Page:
The Quebec Provincial Police have announced that they will suspend aerial searches for Stephane Roy, the founder and president of tomato production business Savoura, and his 14-year-old son Justin, who have been missing for 14 days.
The Sûreté du Québec completed their helicopter search over an area spanning 20,000 square kilometres of woods in the Northern Laurentians on July 22. Spokesperson Claude Doiron told the Montreal Gazette that the searches had been suspended following their completion due to the limited amount of information the police had about the case.
“At the moment we have no evidence on the ground to direct our search,” Doiron said. “We’re asking people who are in the woods, who are hiking on foot, to keep an eye open and contact us should they obtain any information that could further our investigation.”
Doiron added that the search for the pair is still ongoing, and that police wouldn’t rule out returning to the air if investigators managed to narrow down the range for the search area.
The SQ’s decision follows one made by the Royal Canadian Air Force two days earlier, which also chose to halt their aerial searches after little progress. A Twitter statement given by the air force said that they will “relinquish the case to the provincial police force as a missing persons investigation”.
After searching over 20,000 km2 since 11 July for a missing R44 helicopter with two persons on board, the @RCAF_ARC has taken the difficult decision to reduce the search and relinquish the case to the @sureteduquebec as a missing persons investigation.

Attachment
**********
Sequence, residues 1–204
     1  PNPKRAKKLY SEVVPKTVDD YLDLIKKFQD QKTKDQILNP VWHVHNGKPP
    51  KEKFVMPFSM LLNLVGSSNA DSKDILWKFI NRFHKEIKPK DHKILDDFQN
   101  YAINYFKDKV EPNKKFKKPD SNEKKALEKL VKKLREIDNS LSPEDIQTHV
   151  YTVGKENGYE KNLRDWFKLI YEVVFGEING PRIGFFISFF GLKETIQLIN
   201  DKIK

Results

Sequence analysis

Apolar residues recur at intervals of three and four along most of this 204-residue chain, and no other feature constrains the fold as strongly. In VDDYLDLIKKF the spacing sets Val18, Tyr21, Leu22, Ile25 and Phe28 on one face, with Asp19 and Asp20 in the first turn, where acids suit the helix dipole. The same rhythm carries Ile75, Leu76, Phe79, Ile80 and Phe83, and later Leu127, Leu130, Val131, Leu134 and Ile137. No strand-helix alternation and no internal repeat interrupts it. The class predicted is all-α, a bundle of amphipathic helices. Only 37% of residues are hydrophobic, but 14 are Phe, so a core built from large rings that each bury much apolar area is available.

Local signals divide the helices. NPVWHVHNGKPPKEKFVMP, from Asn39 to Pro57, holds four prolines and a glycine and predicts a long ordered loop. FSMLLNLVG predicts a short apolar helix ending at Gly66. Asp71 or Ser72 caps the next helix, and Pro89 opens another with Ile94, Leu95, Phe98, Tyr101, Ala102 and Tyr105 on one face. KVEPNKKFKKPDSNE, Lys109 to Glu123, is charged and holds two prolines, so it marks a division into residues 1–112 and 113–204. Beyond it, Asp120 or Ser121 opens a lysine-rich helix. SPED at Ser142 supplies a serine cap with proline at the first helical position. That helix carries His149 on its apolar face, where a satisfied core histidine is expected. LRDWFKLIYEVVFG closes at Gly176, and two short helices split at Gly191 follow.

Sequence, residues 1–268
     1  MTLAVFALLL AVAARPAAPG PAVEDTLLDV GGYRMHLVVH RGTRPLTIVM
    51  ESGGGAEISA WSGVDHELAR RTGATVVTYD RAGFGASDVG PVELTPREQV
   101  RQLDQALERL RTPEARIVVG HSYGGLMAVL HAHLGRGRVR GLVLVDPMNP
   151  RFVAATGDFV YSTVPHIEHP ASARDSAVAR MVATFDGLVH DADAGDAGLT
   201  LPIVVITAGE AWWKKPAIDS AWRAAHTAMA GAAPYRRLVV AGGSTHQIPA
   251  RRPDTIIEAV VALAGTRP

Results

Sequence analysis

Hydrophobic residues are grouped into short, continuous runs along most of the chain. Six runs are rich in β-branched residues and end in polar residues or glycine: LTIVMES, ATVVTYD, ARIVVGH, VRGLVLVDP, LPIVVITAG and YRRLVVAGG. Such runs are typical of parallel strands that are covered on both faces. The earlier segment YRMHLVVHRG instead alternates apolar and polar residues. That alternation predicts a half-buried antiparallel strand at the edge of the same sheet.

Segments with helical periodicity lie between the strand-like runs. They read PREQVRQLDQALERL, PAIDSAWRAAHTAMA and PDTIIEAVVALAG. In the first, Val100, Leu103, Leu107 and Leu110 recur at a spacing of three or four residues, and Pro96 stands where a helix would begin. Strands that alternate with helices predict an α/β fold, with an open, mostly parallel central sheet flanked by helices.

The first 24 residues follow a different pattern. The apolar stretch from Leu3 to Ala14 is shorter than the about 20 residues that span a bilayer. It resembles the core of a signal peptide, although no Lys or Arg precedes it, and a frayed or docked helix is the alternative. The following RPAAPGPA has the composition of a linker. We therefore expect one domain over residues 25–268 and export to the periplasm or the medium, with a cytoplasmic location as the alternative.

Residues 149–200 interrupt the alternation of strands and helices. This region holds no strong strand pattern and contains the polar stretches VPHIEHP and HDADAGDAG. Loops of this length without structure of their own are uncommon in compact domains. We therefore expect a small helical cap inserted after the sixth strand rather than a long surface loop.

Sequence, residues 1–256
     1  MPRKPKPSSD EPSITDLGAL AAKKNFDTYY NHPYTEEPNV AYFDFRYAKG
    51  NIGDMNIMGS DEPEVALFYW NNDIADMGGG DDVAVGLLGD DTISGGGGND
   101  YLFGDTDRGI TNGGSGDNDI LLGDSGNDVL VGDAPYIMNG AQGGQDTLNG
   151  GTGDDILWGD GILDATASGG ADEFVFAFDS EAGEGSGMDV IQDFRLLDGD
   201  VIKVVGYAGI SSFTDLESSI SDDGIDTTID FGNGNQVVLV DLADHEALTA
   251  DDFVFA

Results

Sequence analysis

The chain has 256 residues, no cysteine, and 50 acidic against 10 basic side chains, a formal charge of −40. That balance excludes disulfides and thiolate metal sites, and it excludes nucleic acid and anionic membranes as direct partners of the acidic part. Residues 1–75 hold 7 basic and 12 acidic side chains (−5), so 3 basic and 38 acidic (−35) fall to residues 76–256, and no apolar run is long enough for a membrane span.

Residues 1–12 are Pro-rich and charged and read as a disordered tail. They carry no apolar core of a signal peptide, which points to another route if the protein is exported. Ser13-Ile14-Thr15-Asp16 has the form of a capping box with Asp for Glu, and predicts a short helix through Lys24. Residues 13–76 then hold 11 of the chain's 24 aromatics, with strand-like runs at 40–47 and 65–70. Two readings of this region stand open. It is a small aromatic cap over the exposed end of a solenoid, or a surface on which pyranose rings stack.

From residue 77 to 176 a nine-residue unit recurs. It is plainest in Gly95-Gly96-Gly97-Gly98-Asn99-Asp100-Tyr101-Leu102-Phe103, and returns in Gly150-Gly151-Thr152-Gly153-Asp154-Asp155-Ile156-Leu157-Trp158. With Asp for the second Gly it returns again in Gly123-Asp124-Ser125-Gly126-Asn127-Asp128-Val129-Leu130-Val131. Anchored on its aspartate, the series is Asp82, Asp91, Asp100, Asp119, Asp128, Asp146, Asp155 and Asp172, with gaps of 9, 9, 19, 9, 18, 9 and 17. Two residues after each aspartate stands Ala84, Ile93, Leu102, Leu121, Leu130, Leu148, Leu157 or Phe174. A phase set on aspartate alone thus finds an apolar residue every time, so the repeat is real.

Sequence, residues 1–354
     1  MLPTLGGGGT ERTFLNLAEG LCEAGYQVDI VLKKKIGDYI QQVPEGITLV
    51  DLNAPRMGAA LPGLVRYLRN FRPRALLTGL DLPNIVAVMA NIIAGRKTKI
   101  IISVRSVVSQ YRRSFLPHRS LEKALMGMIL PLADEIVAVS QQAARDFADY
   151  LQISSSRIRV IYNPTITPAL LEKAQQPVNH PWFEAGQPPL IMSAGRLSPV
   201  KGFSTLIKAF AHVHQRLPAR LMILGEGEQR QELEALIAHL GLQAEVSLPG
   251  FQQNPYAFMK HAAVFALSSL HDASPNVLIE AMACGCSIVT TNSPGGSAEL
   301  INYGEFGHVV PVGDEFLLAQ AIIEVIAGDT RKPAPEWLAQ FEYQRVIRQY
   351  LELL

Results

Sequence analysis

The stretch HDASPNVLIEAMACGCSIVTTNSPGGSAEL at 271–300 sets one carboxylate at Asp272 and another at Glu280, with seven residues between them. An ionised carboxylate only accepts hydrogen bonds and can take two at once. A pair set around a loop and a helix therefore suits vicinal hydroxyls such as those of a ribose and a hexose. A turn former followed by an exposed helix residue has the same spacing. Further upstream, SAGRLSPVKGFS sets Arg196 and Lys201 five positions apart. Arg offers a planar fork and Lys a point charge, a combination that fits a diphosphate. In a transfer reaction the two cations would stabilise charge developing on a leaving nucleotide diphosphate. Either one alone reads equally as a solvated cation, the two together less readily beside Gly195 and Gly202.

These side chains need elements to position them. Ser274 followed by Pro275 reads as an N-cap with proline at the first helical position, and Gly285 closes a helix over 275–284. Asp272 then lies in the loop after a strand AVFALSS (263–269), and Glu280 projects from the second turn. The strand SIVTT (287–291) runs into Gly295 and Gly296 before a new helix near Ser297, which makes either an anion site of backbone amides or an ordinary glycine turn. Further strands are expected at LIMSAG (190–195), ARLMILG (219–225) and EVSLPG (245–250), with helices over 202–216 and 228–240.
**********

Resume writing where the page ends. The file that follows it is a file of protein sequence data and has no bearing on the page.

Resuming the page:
— Trenton JRCC CCCOS (@JRCCTrentCCCOS) July 20, 2019
Roy and his son have not been seen since July 10, when they failed to return from a fishing trip in the businessman’s personal helicopter, described as a white R-44 model.
Despite the extensive and lengthy searches that have been carried out, no clues have been found that might point to the location of the two. Roy’s helicopter trip reportedly lacked a flight plan, and police have not detected any distress signals in the area, so it has been difficult for investigators to track down the exact route they took to reach their destination.
In the two weeks since Roy and his son have been reported missing, the search has employed more than 90 people working with the SQ, the Royal Canadian Air Force, the Canadian Coast Guard, the Canadian Armed Forces, and the Civil Air Search and Rescue Association, among various other rescue services as well as volunteers with private helicopters.
The searchers combed an enormous and densely wooded area between Lac-de-la-Bidière in northern Quebec, where Roy’s reported destination was, and Ste-Sophie, where his tomato production company is based.
Family Wants Police to Focus on Ground Search
Roy’s brother Daniel Roy has been urging the Sûreté du Québec to ramp up their ground search after the force’s decision to end aerial search efforts. He says visibility on the ground is far better than from the air—possibly due to the thick woods in the location that rescue teams have outlined as the primary search area.
“We’re not giving up. There’s a 14-year-old in this case. There’s no question of leaving him on his own,” he said in an interview with CTV News. “We won’t give up on them, we won’t abandon them, and we won’t abandon Justin.
“For us, we’re [on] day 12 and we’re just as strong as day one, the only difference is we’re better organized.”
Daniel Roy has described his brother as a “no-nonsense pilot,” and said that he managed to safely land a helicopter a few years ago despite losing engine power in midair. “We know his abilities, we know his character—he’s a fighter, he’s a battler, he’s a survivor,” he said.
The SQ has said on Twitter that based on work done by their investigators, they will begin conducting a ground search in a targeted area north of Mont Tremblant Park on July 24.